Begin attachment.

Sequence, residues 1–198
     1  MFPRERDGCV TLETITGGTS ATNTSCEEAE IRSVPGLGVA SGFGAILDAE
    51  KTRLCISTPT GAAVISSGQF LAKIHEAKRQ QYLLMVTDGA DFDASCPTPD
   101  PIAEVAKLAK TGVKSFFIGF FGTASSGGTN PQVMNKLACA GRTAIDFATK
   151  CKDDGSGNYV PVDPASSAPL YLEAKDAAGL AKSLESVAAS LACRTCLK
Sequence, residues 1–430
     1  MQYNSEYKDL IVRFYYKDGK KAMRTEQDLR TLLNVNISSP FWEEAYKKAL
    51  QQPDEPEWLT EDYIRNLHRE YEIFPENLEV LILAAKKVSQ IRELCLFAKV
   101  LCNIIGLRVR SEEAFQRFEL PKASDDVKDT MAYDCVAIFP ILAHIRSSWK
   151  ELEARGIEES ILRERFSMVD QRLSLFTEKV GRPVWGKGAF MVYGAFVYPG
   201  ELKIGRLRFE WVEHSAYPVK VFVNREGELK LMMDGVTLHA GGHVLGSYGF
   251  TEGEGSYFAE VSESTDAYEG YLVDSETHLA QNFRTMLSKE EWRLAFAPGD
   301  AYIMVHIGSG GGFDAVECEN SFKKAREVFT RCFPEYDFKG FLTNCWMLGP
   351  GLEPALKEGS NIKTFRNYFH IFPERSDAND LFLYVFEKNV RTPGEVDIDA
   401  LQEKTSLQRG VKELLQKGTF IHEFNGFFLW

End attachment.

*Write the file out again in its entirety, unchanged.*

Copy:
Sequence, residues 1–198
     1  MFPRERDGCV TLETITGGTS ATNTSCEEAE IRSVPGLGVA SGFGAILDAE
    51  KTRLCISTPT GAAVISSGQF LAKIHEAKRQ QYLLMVTDGA DFDASCPTPD
   101  PIAEVAKLAK TGVKSFFIGF FGTASSGGTN PQVMNKLACA GRTAIDFATK
   151  CKDDGSGNYV PVDPASSAPL YLEAKDAAGL AKSLESVAAS LACRTCLK
Sequence, residues 1–430
     1  MQYNSEYKDL IVRFYYKDGK KAMRTEQDLR TLLNVNISSP FWEEAYKKAL
    51  QQPDEPEWLT EDYIRNLHRE YEIFPENLEV LILAAKKVSQ IRELCLFAKV
   101  LCNIIGLRVR SEEAFQRFEL PKASDDVKDT MAYDCVAIFP ILAHIRSSWK
   151  ELEARGIEES ILRERFSMVD QRLSLFTEKV GRPVWGKGAF MVYGAFVYPG
   201  ELKIGRLRFE WVEHSAYPVK VFVNREGELK LMMDGVTLHA GGHVLGSYGF
   251  TEGEGSYFAE VSESTDAYEG YLVDSETHLA QNFRTMLSKE EWRLAFAPGD
   301  AYIMVHIGSG GGFDAVECEN SFKKAREVFT RCFPEYDFKG FLTNCWMLGP
   351  GLEPALKEGS NIKTFRNYFH IFPERSDAND LFLYVFEKNV RTPGEVDIDA
   401  LQEKTSLQRG VKELLQKGTF IHEFNGFFLW